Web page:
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  1. Computing Machinery and Intelligence.Alan M. Turing - 1950 - Mind 59 (October):433-60.
    I propose to consider the question, "Can machines think?" This should begin with definitions of the meaning of the terms "machine" and "think." The definitions might be framed so as to reflect so far as possible the normal use of the words, but this attitude is dangerous, If the meaning of the words "machine" and "think" are to be found by examining how they are commonly used it is difficult to escape the conclusion that the meaning and the answer to (...)
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  • An Architecture for Adaptive Intelligent Systems.Barbara Hayes-Roth - 1995 - Artificial Intelligence 72 (1-2):329-365.
  • The Age of Intelligent Machines.R. Kurzweil (ed.) - 1990 - MIT Press.
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  • The Case of the Killer Robot Stories About the Professional, Ethical, and Societal Dimensions of Computing.Richard G. Epstein - 1997
     
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  • Turing Test: 50 Years Later. [REVIEW]Ayse P. Saygin, Ilyas Cicekli & Varol Akman - 2000 - Minds and Machines 10 (4):463-518.
  • Electronic Agents and Intellectual Property Law.Jon Bing - 2004 - Artificial Intelligence and Law 12 (1-2):39-52.
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  • Anonymity and Software Agents: An Interdisciplinary Challenge. [REVIEW]Frances Brazier, Anja Oskamp, Corien Prins, Maurice Schellekens & Niek Wijngaards - 2004 - Artificial Intelligence and Law 12 (1-2):137-157.
    Software agents that play a role in E-commerce and E-government applications involving the Internet often contain information about the identity of their human user such as credit cards and bank accounts. This paper discusses whether this is necessary: whether human users and software agents are allowed to be anonymous under the relevant legal regimes and whether an adequate interaction and balance between law and anonymity can be realised from both the perspective of Computer Systems and the perspective of Law.
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  • A Legal Analysis of Human and Electronic Agents.Steffen Wettig & Eberhard Zehender - 2004 - Artificial Intelligence and Law 12 (1-2):111-135.
    Currently, electronic agents are being designed and implemented that, unprecedentedly, will be capable of performing legally binding actions. These advances necessitate a thorough treatment of their legal consequences. In our paper, we first demonstrate that electronic agents behave structurally similar to human agents. Then we study how declarations of intention stated by an electronic agent are related to ordinary declarations of intention given by natural persons or legal entities, and also how the actions of electronic agents in this respect have (...)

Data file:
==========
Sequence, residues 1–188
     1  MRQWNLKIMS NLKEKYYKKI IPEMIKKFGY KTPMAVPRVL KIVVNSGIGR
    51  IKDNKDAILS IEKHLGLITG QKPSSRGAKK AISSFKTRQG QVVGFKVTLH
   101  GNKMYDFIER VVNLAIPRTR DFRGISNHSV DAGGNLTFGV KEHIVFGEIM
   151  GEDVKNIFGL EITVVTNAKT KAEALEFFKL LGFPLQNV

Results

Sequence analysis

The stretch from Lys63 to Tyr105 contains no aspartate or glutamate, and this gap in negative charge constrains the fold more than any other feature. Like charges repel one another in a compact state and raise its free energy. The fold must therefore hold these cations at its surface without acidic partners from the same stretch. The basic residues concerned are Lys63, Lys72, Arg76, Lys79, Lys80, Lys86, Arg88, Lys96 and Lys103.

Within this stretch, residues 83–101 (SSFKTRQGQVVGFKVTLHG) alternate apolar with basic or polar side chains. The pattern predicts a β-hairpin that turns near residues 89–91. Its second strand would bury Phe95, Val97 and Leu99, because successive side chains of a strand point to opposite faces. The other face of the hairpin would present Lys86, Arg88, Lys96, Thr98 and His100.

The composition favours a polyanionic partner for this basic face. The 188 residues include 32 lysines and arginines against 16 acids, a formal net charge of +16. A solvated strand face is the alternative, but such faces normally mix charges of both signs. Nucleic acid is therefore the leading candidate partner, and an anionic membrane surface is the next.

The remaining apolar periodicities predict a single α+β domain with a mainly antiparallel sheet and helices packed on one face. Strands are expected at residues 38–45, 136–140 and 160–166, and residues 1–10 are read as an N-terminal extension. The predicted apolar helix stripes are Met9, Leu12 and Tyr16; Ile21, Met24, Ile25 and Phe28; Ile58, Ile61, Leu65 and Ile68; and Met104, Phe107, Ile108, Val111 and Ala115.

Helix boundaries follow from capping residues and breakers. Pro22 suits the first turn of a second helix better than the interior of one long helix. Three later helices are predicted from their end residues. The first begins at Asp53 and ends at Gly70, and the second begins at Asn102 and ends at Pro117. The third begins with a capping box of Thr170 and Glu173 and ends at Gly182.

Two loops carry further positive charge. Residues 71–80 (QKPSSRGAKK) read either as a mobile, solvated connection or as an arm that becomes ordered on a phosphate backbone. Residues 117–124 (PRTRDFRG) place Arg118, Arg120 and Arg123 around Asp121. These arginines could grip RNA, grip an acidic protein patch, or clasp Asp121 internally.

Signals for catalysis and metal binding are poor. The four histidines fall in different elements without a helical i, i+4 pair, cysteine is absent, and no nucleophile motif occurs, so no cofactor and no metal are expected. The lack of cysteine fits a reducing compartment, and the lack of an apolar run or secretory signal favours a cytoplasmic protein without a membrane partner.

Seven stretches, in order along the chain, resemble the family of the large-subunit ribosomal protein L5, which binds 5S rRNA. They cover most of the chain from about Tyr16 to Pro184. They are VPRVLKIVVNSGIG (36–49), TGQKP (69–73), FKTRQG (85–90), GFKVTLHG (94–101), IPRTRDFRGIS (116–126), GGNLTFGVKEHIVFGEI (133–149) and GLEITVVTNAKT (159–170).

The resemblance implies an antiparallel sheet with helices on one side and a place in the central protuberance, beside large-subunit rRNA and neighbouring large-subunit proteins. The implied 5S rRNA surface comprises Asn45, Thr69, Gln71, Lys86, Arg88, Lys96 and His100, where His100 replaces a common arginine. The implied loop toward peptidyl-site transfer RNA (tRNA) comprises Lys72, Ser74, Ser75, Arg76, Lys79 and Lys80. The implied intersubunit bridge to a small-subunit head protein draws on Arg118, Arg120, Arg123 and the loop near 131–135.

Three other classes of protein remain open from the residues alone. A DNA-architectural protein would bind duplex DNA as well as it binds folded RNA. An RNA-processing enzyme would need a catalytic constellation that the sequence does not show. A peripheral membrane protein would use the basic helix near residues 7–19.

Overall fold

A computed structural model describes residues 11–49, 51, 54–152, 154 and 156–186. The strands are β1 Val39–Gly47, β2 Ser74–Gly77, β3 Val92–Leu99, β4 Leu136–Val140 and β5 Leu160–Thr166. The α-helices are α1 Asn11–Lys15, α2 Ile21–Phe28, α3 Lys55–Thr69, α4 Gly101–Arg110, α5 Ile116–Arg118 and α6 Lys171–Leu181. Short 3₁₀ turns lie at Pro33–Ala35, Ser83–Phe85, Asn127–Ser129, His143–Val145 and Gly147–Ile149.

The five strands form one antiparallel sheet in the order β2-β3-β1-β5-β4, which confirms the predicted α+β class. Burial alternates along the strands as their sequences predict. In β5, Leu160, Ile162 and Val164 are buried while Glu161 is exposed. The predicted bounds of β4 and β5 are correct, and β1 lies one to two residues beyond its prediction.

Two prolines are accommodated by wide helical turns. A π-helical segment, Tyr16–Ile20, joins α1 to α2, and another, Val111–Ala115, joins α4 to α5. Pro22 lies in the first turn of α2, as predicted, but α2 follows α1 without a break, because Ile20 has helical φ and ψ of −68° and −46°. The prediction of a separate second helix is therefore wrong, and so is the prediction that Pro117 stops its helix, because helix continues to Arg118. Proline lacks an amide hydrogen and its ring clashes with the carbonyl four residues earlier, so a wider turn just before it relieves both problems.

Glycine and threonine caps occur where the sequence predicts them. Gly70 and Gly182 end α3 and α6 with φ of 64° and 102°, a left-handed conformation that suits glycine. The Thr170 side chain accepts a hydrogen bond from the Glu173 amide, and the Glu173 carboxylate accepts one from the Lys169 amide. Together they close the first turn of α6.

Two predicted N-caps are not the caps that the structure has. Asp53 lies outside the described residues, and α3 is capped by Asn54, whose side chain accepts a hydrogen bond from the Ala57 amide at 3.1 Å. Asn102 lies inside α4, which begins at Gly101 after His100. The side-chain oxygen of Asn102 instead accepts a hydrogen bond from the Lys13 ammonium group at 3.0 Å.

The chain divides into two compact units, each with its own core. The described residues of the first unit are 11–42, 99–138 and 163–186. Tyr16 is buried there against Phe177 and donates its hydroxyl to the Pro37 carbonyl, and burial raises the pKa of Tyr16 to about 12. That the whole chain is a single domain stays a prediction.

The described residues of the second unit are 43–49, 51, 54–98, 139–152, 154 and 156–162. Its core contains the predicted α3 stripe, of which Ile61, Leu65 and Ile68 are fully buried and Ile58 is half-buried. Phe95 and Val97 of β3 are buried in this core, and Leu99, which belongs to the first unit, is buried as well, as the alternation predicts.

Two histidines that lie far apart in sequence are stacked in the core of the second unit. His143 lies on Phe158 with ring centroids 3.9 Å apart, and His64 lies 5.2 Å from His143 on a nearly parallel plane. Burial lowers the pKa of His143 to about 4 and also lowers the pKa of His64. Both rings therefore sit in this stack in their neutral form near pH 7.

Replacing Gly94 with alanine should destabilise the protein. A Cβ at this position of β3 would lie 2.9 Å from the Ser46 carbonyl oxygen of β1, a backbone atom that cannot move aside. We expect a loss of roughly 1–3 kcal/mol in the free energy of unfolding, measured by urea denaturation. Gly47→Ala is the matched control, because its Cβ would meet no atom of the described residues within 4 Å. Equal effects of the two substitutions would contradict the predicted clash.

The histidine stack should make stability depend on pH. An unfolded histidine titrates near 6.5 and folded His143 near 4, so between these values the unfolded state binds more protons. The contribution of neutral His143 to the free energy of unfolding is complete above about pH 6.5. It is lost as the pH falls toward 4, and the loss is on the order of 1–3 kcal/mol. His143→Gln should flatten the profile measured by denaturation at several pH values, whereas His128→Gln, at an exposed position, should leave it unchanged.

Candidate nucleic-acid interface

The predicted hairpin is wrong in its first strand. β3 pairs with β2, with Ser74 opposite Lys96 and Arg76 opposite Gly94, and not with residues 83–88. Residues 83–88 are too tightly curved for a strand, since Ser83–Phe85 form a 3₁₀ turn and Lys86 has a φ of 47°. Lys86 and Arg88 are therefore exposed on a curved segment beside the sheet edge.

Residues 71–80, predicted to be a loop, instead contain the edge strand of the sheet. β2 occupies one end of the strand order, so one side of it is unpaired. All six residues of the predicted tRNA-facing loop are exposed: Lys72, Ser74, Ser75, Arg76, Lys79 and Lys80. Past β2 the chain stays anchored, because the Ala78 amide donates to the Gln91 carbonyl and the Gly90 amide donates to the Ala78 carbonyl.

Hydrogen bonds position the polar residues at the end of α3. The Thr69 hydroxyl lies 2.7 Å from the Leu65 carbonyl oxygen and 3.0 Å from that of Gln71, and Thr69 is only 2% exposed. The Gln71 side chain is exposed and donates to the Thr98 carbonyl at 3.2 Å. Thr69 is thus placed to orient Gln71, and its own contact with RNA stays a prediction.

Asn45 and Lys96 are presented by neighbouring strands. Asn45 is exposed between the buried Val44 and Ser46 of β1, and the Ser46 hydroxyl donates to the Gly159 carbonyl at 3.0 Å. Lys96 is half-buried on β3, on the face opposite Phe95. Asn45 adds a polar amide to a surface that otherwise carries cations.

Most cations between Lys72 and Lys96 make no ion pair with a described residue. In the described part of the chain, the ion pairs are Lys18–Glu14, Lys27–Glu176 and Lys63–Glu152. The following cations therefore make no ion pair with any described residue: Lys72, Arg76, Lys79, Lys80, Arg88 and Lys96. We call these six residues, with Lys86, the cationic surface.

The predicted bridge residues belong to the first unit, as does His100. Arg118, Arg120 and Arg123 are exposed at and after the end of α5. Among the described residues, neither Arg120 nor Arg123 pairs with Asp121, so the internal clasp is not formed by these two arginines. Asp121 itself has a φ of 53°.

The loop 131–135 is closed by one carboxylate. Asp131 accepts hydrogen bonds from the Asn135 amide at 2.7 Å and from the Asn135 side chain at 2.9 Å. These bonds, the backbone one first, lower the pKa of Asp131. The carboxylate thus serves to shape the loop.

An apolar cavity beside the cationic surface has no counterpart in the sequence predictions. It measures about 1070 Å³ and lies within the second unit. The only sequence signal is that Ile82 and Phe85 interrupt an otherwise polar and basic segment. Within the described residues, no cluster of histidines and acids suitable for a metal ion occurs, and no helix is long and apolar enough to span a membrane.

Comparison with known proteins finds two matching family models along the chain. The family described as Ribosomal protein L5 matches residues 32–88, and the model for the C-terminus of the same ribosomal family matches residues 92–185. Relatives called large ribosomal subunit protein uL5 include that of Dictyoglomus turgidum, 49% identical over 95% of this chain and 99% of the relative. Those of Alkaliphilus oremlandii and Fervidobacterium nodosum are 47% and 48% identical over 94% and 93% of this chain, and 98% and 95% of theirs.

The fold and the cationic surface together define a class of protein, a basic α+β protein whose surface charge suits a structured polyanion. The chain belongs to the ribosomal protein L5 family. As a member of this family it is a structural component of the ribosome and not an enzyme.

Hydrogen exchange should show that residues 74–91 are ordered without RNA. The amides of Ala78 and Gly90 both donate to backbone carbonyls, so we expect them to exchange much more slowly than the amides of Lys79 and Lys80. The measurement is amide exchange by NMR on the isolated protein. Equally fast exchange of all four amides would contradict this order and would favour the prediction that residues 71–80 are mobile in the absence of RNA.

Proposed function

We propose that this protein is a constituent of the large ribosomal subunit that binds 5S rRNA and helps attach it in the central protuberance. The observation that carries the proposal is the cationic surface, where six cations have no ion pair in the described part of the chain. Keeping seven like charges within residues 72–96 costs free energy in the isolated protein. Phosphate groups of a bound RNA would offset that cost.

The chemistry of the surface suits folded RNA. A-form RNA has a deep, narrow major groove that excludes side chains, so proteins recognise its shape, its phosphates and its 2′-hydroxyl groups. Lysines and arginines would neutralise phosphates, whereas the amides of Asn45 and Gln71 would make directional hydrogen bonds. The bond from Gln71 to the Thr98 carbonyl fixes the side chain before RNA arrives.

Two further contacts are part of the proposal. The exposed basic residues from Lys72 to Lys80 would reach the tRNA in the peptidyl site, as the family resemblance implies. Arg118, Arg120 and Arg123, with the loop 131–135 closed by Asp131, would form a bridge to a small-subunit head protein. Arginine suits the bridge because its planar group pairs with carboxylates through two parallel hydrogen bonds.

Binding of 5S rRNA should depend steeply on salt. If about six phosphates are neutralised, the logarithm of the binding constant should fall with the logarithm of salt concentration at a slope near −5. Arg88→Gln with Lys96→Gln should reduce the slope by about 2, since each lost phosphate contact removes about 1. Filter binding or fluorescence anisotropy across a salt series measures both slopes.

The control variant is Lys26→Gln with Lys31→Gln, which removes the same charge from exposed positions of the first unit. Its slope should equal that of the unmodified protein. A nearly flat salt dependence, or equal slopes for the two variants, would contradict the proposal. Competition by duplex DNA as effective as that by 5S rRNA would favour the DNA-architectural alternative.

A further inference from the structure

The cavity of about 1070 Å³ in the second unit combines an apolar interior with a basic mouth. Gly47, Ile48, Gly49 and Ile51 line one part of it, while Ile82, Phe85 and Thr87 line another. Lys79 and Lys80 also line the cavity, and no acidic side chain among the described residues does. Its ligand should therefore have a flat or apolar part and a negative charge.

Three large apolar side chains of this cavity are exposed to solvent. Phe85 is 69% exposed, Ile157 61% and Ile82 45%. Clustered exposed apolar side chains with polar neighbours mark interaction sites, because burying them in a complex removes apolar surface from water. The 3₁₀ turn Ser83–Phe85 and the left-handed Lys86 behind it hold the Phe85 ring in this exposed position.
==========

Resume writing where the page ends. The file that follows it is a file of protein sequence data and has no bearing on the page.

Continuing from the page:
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  • Turing Test: 50 Years Later. [REVIEW]A. P. Saygin & I. Cicekli - 2000 - Minds and Machines 10 (4):463-518.
  • Intelligent Agents as Innovations.Alexander Serenko & Brian Detlor - 2004 - AI and Society 18 (4):364-381.
    This paper explores the treatment of intelligent agents as innovations. Past writings in the area of intelligent agents focus on the technical merits and internal workings of agent-based solutions. By adopting a perspective on agents from an innovations point of view, a new and novel description of agents is put forth in terms of their degrees of innovativeness, competitive implications, and perceived characteristics. To facilitate this description, a series of innovation-based theoretical models are utilized as a lens of analysis, namely (...)
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  • Turing Test: 50 Years Later. [REVIEW]Ayse Pinar Saygin, Ilyas Cicekli & Varol Akman - 2000 - Minds and Machines 10 (4):463-518.
    The Turing Test is one of the most disputed topics in artificial intelligence, philosophy of mind, and cognitive science. This paper is a review of the past 50 years of the Turing Test. Philosophical debates, practical developments and repercussions in related disciplines are all covered. We discuss Turing's ideas in detail and present the important comments that have been made on them. Within this context, behaviorism, consciousness, the `other minds' problem, and similar topics in philosophy of mind are discussed. We (...)
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  • Understanding Computers and Cognition: A New Foundation for Design.Terry Winograd & Fernando Flores - 1989 - Journal for General Philosophy of Science / Zeitschrift für Allgemeine Wissenschaftstheorie 20 (1):156-161.
  • Privacy and Freedom.Alan F. Westin - 1970 - Science and Society 34 (3):360-363.
     
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  • The Social Impact of Artificial Intelligence.M. A. Boden - 1990 - In R. Kurzweil (ed.), The Age of Intelligent Machines. MIT Press. pp. 450--453.
  • Agents of Alienation.Jaron Lanier - 1995 - Interactions 2 (3):76-81.
    In the conclusion to his article, `Consciousness as an engineering issue' , pp. 52-66), Donald Michie argues that the inclusion of intelligent computer systems in workgroups will lead to a blurring of the distinction between human and machine consciousness. He also refers to the increasing use of intelligent agent software in commercial applications. Given the exponential growth in the availability of on-line information through networked computer systems, AI routines are being developed to filter information, based on the user's own stated (...)
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